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Martin Eden 107







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Martin Eden

The Pickwick Papers

The Sea Wolf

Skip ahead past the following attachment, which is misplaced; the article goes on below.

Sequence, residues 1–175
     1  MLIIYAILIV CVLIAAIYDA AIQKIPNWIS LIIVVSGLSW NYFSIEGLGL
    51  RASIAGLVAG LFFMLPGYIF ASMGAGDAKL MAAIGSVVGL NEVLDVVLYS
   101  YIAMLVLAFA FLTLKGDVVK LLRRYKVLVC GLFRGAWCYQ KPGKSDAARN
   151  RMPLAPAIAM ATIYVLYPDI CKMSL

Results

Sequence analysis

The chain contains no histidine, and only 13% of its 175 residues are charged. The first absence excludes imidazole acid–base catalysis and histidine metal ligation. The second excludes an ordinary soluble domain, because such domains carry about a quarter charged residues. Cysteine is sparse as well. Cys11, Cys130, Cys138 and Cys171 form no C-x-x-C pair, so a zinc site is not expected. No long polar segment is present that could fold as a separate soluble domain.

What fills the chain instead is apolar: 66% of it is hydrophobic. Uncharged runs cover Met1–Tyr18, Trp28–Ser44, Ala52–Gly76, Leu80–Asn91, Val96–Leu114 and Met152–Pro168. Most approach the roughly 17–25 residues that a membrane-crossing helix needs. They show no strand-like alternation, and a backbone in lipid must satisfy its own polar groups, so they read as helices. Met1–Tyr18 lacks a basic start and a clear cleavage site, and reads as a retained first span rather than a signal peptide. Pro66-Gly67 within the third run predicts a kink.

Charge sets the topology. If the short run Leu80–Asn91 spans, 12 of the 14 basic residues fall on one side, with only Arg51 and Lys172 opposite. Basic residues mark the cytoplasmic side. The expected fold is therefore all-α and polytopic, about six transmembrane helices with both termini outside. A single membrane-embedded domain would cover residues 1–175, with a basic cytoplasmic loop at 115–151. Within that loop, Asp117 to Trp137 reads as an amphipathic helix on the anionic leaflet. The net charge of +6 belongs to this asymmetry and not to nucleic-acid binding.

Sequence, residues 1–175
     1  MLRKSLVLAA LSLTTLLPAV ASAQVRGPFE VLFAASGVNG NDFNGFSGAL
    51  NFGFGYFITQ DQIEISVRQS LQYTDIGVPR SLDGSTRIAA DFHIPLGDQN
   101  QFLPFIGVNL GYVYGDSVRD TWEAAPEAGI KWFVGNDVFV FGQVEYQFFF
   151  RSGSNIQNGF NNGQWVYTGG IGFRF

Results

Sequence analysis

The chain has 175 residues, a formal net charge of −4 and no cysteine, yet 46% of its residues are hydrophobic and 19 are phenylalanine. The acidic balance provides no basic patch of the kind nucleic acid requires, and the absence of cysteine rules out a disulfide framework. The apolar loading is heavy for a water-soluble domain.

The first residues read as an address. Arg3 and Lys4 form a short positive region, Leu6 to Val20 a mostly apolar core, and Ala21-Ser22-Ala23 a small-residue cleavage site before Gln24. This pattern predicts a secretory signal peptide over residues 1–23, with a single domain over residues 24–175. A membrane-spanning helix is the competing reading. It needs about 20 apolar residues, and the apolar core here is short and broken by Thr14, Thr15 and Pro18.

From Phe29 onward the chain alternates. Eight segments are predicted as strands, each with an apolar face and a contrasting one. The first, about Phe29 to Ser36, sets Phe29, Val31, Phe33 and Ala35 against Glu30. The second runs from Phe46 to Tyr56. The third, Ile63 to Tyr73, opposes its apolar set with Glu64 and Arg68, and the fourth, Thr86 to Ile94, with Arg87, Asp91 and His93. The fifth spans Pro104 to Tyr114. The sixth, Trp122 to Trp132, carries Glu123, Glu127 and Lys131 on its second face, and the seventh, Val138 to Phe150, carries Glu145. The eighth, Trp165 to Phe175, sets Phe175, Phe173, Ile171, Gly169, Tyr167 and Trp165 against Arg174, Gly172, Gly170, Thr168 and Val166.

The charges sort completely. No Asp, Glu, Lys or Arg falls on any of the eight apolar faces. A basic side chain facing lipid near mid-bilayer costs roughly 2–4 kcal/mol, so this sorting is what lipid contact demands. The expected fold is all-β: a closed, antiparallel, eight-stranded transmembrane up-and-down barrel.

off guavas, ohia-apples, and bananas, all of which grew wild in the jungle. On the fourth day I found the trail--a mere foot-trail. It led inland, and it led up. It was the way I wanted to go, and it showed signs of recent travel. At one place it ran along the crest of a ridge that was no more than a knife-edge. The trail wasnt three feet wide on the crest, and on either side the ridge fell away in precipices hundreds of feet deep. One man, with plenty of ammunition, could have held it against a hundred thousand. "It was the only way in to the hiding-place. Three hours after I found the trail I was there, in a little mountain valley, a pocket in the midst of lava peaks. The whole place was terraced for taro-patches, fruit trees grew there, and there were eight or ten grass huts. But as soon as I saw the inhabitants I knew what Id struck. One sight of them was enough." "What did you do?" Ruth demanded breathlessly, listening, like any Desdemona, appalled and fascinated. "Nothing for me to do. Their leader was a kind old fellow, pretty far gone, but he ruled like a king. He had discovered the little valley and founded the settlement--all of which was against the law. But he had guns, plenty of ammunition, and those Kanakas, trained to the shooting of wild cattle and wild pig, were dead shots. No, there wasnt any running away for Martin Eden. He stayed--for three months." "But how did you escape?" "Id have been there yet, if it hadnt been for a girl there, a half-Chinese, quarter-white, and quarter-Hawaiian. She was a beauty, poor thing, and well educated. Her mother, in Honolulu, was worth a million or so. Well, this girl got me away at last. Her mother financed the settlement, you see, so the girl wasnt afraid of being punished for letting me go. But she made me swear, first, never to reveal the hiding- place; and I never have. This is the first time I have even mentioned it. The girl had just the first signs of leprosy. The fingers of her right hand were slightly twisted, and there was a small spot on her arm. That was all. I guess she is dead, now." "But werent you frightened? And werent you glad to get away without catching that dreadful disease?" "Well," he confessed, "I was a bit shivery at first; but I got used to it. I used to feel sorry for that poor girl, though. That made me forget to be afraid. She was such a beauty, in spirit as well as in appearance, and she was only slightly touched; yet she was doomed to lie there, living the life of a primitive savage and rotting slowly away. Leprosy is far more terrible than you can imagine it." "Poor thing," Ruth murmured softly. "Its a wonder she let you get away." "How do you mean?" Martin asked unwittingly. "Because she must have loved you," Ruth said, still softly. "Candidly, now, didnt she?" Martins sunburn had been bleached by his work in the laundry and by the indoor life he was living, while the hunger and the sickness had made his face even pale; and across this pallor flowed the slow wave of a blush. He was opening his mouth to speak, but Ruth shut him off. "Never mind, dont answer; its not necessary," she laughed. But it seemed to him there was something metallic in her laughter, and that the light in her eyes was cold. On the spur of the moment it reminded him of a gale he had once experienced in the North Pacific. And for the moment the apparition of the gale rose before his eyes--a gale at night, with a clear sky and under a full moon, the huge seas glinting coldly in the moonlight. Next, he saw the girl in the leper refuge and remembered it was for love of him that she had let him go. "She was noble," he said simply. "She gave me life." That was all of the incident, but he heard Ruth muffle a dry sob in her throat, and noticed that she turned her face away to gaze out of the window. When she turned it back to him, it

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